Even Though Doctors Can't 'See' My Pain, Does Not Mean It Doesn't Exist
If you look at me, even if you really look hard, you would not be able to “see” my chronic illness — chronic illnesses, actually. It isn’t until I partially dislocate my shoulder while pointing to something, or my hip while walking, that people can see I do have a disability.
Even then, others might see it as something interesting, like purposefully crossing your eyes. They see your painfully dislocating joint as a “trick” instead of a serious medical illness. And to be honest, I can’t blame them.
Others, including doctors, can’t see my pain. That’s the whole “invisible” part of an invisible illness. Whether you see me on the street or you work with me every day, you can’t see my pain.
When you can’t see something, it’s easy to think it’s not there. It’s like the saying, “If a tree falls in the forest and nobody is around, did it make a sound?”
Doctors believe in science. They believe in something that can often be seen with the naked eye; they believe in cause and effect. My pain cannot be seen on an MRI and it certainly can’t be seen with the naked eye. There is no clear cause for my pain.
So the question is, “If you don’t see my pain, or anything causing my pain, is the pain really there?”
The answer, unfortunately, is usually a “no.”
I have bounced from doctor to doctor like a pinball, done test after test, and have been told roughly the same answer from every doctor: “There is nothing wrong with you.” In fact, every doctor had a way of putting it differently.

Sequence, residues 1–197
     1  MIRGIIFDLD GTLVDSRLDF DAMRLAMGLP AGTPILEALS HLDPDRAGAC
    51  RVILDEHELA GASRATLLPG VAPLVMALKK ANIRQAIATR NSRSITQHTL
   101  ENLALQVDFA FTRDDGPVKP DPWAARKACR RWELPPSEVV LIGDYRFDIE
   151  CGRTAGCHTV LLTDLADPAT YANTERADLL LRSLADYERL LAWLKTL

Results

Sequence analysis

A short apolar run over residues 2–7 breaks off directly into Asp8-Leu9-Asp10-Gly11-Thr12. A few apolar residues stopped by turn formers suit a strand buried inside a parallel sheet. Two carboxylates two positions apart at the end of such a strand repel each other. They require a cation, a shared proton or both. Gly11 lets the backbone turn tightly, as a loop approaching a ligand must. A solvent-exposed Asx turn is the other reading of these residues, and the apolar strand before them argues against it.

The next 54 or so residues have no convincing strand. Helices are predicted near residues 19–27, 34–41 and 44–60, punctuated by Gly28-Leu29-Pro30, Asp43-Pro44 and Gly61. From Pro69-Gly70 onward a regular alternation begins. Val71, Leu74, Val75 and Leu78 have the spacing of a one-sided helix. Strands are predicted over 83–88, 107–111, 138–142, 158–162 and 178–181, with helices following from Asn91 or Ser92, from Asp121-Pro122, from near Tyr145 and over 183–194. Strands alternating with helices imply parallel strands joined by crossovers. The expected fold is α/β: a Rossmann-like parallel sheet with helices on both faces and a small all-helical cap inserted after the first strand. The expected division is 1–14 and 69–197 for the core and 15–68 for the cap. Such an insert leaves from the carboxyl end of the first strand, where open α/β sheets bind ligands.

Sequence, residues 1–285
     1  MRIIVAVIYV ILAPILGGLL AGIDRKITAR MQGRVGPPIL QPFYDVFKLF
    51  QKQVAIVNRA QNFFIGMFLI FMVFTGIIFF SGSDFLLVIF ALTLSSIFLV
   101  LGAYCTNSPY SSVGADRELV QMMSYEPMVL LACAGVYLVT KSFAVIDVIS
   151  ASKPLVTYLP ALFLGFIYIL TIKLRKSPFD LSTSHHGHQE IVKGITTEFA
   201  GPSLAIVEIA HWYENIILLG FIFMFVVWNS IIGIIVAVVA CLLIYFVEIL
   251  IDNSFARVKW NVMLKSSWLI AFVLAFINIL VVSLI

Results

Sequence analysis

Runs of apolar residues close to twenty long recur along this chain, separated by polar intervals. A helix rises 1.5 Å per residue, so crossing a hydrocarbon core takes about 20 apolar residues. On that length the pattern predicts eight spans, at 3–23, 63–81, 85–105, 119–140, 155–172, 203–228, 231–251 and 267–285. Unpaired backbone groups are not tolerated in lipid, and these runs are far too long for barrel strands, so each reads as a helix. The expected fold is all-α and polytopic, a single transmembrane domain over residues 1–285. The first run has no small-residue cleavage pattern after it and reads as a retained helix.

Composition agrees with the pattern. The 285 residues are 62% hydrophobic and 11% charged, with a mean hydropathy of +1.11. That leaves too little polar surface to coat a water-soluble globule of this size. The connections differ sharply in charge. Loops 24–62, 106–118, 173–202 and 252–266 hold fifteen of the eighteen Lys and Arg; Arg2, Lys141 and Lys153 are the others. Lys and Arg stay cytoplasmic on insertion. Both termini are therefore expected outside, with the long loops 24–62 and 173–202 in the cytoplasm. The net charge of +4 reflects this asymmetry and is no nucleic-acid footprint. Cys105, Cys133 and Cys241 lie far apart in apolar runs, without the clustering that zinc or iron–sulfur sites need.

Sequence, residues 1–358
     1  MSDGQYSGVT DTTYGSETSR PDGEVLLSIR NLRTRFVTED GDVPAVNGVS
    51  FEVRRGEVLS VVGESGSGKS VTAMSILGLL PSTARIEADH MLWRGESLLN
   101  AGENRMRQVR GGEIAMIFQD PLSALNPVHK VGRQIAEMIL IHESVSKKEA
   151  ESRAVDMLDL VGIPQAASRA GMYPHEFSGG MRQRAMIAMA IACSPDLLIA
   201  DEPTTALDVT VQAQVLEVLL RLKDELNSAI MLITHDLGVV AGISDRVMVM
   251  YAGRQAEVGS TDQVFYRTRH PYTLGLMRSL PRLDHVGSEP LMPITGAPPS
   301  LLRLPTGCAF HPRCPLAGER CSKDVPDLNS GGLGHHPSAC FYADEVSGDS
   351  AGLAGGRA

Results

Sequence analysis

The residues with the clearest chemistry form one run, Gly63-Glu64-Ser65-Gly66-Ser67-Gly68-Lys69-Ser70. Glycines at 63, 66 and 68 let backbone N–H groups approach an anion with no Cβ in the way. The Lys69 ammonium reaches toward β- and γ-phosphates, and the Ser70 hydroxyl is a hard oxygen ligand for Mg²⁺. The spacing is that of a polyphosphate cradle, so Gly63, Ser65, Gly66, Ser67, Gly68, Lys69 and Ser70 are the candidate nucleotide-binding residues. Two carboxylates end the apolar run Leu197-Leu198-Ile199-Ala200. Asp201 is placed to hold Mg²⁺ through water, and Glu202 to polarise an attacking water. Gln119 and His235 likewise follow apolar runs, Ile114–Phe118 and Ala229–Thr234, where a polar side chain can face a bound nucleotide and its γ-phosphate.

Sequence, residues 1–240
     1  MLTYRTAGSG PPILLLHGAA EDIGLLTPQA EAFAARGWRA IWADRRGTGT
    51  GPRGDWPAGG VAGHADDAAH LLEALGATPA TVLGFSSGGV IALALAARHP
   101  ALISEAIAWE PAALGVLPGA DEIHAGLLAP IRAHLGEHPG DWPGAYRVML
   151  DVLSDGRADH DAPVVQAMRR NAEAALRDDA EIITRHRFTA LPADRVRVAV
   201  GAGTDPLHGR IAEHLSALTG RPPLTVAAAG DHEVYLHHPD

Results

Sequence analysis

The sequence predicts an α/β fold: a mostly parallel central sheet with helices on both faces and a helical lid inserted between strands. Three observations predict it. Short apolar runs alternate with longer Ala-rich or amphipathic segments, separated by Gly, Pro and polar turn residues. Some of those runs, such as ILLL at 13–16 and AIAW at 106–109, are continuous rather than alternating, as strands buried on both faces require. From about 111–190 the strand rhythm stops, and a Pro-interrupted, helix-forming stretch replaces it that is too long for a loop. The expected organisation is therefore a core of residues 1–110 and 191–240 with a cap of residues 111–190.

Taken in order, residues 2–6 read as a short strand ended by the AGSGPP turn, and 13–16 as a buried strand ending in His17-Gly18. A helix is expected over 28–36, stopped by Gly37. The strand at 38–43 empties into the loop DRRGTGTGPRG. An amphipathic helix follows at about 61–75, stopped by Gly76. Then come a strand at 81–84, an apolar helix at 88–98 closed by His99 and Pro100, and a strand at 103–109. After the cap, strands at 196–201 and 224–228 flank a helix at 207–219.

“I’m sorry but the tests are telling me there is absolutely no reason for the pain you’re describing.”
“Your X-rays and MRI are clear. There’s no tear or break.”
“Has school been stressful lately?”
“I think the best thing for you is to speak to someone about how you have been feeling.”
“Did you recently break up with a boyfriend?”
“Stress causes pain. You just need to relax.”
“It’s in your head.”
“You’re doing this for attention.”
The most hurtful answer I’ve ever gotten from a doctor, a few doctors actually, is the “Your anxiety disorder is causing it. There’s nothing wrong with you.”
I have been told this on more than one occasion, and every time it took only a minute or two after looking at my chart to “figure out” what was wrong with me. Oftentimes a doctor sees your medical history of depression or anxiety, and that is automatically the answer you get. It couldn’t possibly be anything else. They don’t take the time to talk to you, to ask what brought you into the office to begin with. You don’t get a chance to ask them for help and you begin to question whether or not it is all in your head after all.
The perception is that if the doctor doesn’t see anything causing you pain, then your pain does not exist. Those with chronic and rare illnesses know this is almost never the case.
Here’s a gentle reminder: our pain is real, even if you can’t see it.